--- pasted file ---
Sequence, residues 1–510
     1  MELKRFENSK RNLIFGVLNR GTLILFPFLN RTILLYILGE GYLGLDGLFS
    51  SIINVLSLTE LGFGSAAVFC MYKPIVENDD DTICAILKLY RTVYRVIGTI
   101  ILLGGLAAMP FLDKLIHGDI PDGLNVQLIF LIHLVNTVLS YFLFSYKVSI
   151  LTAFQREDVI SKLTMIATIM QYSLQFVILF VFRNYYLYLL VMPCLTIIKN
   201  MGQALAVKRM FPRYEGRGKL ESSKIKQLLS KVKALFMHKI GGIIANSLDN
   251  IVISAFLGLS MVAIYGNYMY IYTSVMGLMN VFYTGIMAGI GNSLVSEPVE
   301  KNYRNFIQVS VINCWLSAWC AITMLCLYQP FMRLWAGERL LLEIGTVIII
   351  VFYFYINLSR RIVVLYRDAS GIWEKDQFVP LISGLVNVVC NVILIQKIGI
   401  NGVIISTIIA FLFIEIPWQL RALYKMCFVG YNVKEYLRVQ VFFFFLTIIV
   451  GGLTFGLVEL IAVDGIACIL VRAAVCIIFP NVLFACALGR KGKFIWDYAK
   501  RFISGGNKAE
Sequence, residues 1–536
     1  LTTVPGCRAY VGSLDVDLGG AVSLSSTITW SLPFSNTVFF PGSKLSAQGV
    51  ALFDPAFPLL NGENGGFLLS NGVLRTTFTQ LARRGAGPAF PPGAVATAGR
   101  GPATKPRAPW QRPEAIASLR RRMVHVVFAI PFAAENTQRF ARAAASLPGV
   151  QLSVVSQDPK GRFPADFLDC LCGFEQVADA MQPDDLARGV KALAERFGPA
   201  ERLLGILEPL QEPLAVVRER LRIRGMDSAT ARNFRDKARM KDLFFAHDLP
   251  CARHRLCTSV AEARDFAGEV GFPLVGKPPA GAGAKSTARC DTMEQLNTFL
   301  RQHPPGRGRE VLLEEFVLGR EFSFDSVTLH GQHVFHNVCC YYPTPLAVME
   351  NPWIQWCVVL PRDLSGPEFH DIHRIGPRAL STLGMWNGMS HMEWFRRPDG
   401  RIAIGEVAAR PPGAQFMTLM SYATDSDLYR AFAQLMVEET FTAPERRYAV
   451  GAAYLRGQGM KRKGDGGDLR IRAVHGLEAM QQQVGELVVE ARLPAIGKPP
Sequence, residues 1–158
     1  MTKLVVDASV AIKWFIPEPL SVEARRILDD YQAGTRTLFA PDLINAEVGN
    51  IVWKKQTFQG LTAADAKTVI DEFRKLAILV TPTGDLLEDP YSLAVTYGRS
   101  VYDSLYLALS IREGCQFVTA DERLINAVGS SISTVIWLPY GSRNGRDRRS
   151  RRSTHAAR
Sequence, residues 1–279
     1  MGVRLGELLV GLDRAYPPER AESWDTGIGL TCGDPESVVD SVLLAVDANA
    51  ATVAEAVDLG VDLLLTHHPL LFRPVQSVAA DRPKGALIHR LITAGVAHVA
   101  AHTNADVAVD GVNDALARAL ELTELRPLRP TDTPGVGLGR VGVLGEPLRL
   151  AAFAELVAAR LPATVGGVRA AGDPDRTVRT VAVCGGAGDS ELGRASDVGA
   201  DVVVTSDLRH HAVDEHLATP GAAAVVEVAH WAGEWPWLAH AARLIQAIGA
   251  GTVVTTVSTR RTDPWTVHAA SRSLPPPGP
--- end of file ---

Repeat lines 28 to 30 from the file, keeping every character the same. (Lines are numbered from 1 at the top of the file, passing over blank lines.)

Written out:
   151  RRSTHAAR
Sequence, residues 1–279
     1  MGVRLGELLV GLDRAYPPER AESWDTGIGL TCGDPESVVD SVLLAVDANA